Just a few days before Super Bowl LII, the Washington Redskins made a big splash by acquiring former Kansas City Chiefs quarterback Alex Smith for cornerback Kendall Fuller and a 2018 third-round pick. By making this move it all but ensures the unlikelihood of a reunion between the Redskins and quarterback Kirk Cousins.
In many ways, this is a trade which doesn’t make a ton of sense. First, Cousins will be just 30 years old at the start of the 2018-19 NFL Season. Alex Smith, in the meantime, will be 34 years old when football rolls back around. Second, reports say the Redskins have every intention to sign Smith to a four-year, $94 million extension with $71 million guaranteed. It will make Smith 38 by the end of the contract, as well as pay him an average of $23.5 million per season.
To the watchful eye, it would seem that the Washington Redskins ultimately did not want Kirk Cousins leading the team in the future.
The future of Kirk Cousins
So where does this leave Kirk Cousins?
Cousins will hit the open market as a free agent after the two sides failed to come to terms on a contract that would have inevitably assured his future in Washington. In 2017, Cousins played under the franchise tag which paid him a handsome $24 million. Accordingly, the team offered him a contract with $53 million guaranteed, with the possibility of reaching $72 million. That deal would have kept him as a member of the Redskins until 2022.
In addition to everything that has already happened, rumors have it that Washington will attempt to franchise-tag Cousins again, which would put the team out $34 million this time around, and then try to trade him to a quarterback-needy team. Whatever the final course of action, fans could be in for a drawn-out drama in Washington.
Is Kirk Cousins worth the money?
The big question is: Is Kirk Cousins worth the money of a long-term contract?
The NFL can be a strange place. It can be even more bizarre when a quarterback with seven career starts signs a massive contract extension. Looking at you 49ers and Jimmy Garappolo.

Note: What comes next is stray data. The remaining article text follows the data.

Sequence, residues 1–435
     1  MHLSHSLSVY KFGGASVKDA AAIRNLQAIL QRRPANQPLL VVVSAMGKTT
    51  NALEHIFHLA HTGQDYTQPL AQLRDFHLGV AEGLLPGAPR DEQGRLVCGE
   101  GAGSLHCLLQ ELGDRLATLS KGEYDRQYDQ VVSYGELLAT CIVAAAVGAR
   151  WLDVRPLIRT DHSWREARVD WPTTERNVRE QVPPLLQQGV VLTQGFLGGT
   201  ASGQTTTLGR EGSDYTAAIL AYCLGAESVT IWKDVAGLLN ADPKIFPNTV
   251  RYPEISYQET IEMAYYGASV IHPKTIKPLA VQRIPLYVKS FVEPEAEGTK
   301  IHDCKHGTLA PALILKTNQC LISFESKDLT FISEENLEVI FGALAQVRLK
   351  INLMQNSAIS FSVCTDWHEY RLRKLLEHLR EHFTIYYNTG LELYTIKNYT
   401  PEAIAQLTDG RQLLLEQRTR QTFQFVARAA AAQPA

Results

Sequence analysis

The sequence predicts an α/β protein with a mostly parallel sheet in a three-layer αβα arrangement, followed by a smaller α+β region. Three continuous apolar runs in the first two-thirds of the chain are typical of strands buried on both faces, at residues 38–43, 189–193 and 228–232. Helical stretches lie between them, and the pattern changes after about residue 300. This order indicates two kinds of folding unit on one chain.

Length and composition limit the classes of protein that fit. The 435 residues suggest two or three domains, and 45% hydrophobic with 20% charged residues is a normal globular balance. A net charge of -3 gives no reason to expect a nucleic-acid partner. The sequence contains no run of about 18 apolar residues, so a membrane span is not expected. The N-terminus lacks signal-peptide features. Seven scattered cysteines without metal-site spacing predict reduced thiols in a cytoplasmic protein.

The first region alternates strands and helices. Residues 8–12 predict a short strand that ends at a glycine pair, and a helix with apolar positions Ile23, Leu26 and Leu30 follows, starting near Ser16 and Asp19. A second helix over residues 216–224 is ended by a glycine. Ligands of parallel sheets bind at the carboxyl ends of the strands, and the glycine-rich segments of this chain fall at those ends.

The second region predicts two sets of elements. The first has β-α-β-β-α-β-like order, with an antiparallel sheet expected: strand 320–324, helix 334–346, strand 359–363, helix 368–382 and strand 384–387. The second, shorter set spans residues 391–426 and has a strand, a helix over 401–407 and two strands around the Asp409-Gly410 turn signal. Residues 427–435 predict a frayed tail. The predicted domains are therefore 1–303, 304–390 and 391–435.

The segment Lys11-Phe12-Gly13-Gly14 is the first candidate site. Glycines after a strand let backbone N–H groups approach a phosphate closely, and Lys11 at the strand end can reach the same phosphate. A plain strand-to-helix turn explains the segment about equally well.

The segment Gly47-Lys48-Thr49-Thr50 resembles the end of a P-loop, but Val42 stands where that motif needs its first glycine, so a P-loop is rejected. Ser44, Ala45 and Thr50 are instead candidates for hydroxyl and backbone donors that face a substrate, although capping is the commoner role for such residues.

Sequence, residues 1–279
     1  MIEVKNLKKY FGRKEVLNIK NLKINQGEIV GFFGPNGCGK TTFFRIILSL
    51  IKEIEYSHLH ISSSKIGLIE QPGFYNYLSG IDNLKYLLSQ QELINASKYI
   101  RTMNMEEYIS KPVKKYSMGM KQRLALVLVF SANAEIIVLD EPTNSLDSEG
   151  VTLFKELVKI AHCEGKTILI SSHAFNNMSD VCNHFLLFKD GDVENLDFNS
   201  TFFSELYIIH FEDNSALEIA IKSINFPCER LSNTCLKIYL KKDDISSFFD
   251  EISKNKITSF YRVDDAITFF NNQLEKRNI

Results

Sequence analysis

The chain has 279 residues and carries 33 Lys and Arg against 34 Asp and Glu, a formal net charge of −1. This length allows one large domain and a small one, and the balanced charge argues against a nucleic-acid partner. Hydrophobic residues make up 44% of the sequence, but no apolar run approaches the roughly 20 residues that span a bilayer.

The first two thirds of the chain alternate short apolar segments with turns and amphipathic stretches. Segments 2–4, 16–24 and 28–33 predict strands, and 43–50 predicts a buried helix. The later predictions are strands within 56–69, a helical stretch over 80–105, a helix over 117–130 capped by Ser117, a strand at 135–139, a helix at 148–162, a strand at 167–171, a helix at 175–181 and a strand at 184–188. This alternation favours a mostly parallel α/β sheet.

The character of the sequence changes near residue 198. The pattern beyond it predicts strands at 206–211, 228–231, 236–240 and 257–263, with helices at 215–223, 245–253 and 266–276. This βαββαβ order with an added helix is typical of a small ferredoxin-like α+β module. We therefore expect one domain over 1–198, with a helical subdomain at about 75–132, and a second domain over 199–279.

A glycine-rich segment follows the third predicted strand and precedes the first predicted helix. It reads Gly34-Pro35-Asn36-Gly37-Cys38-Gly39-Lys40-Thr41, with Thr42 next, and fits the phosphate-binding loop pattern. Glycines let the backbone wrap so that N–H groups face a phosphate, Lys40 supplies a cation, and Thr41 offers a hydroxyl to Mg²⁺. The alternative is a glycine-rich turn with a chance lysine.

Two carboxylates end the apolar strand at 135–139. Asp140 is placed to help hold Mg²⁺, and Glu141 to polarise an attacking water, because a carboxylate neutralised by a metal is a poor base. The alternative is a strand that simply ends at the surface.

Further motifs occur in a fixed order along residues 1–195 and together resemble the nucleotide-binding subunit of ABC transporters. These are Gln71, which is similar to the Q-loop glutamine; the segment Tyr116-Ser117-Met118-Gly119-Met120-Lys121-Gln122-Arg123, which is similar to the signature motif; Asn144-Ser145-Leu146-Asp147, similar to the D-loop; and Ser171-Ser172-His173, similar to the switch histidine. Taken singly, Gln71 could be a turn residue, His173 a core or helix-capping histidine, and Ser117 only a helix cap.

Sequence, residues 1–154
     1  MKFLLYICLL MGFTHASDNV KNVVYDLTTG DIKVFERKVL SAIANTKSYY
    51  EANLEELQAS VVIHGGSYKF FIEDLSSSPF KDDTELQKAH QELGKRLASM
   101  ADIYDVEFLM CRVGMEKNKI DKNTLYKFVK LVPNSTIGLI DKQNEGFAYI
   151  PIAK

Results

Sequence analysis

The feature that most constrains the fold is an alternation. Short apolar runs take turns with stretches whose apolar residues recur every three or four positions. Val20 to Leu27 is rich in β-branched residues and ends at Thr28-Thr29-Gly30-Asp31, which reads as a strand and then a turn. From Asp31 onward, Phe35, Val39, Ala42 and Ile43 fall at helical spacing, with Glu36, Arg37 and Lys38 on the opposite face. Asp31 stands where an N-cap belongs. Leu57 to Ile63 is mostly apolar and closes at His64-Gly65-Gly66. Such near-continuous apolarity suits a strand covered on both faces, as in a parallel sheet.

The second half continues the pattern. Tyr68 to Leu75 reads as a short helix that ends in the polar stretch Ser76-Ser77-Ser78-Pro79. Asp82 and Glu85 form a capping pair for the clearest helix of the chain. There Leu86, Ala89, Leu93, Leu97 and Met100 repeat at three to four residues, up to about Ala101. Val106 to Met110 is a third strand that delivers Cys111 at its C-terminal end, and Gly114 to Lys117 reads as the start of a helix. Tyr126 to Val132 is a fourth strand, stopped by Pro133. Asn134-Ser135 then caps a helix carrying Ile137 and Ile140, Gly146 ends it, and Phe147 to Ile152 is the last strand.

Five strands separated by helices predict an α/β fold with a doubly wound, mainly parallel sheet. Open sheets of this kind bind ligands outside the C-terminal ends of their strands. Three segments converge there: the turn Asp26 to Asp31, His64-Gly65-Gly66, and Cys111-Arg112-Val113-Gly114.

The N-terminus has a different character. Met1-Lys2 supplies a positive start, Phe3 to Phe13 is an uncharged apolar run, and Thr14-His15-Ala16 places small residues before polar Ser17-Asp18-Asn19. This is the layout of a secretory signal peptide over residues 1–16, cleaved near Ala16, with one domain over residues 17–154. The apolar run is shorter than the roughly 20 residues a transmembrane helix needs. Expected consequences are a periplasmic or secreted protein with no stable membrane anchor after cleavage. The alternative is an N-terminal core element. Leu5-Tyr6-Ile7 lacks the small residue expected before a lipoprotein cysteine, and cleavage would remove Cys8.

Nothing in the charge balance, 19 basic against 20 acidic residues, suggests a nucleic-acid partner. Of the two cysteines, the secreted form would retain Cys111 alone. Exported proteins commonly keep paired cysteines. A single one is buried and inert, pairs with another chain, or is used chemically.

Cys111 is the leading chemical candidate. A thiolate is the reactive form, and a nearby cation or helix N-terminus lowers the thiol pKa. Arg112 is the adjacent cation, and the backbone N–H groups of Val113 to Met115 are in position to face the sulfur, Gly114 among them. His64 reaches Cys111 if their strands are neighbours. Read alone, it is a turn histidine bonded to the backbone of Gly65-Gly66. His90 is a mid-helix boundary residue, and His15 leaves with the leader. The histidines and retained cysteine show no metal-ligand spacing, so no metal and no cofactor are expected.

Garappolo’s new deal with the 49ers sets a brand new bar for a player average per year at $27.5 million, as well as second in two and three-year cash distributions at $61.2 million and $86.4 million, respectively. That is a ton of money for a guy without a ton of experience. A deal such as this also speaks volume to what teams value and how the rest of the league should approach future long-term contracts.
Ultimately, Kirk Cousins will sign somewhere and for a lot of money. Specifically, Cousins is also the best quarterback available on the free agent market, so undoubtedly it works to his favor. After determining his market value, its time to examine whether or not the Denver Broncos should pursue him.
Kirk Cousins: Mile High Miracle Man?
It is apparent there is a dire need for a quarterback in Denver. The Broncos have floundered under a mix of Trevor Siemian, Brock Osweiler, and Paxton Lynch over the last couple of seasons. Kirk Cousins is the guy who has also been linked to the Denver Broncos multiple times recently. Should the Broncos shell out the cash?
Jimmy Garappolo’s contract sent the market into a tizzy of sorts. Before the 49ers made Garappolo the highest paid player in the history of the NFL, many people figured Cousins would be the guy. At that price, it seems like a no-brainer. Now, if Cousins does hit the open market without the franchise tag, he could eclipse the $30 million per year mark.
Cousins has been a reliable staple in the league since 2015, eclipsing 4,000+ yards each season and 25+ touchdowns. He has also been active on the ground rushing for a surprising 13 total touchdowns over that period.
That being said, the Broncos should entirely pass if it reaches that height of $30 million. Denver currently has the No. 5 overall pick in this year’s draft. Due to the current crop of quarterback prospects readily available, it makes zero sense to break the bank on a guy like Cousins at that price.
According to Over The Cap, the Broncos current projected salary cap in 2018 is $178 million. The team also has $23.4 million available on top of the $11.4 million from 2017. It gives them $34.4 million in total. Individual players, like Emmanuel Sanders, could find themselves on their way out giving the Broncos more room. The team does have free agents who require more attention to lock up before making a play for Cousins. It will help if they dangle Aqib Talib as a possible trade target as well.
Conversely, Over The Cap projects a little over $11 million for the Broncos total rookie pool. They also anticipate the cost to be roughly $27 million over four years for their first overall pick. Imagining drafting a guy like Baker Mayfield or Josh Rosen seems much more enticing at this point.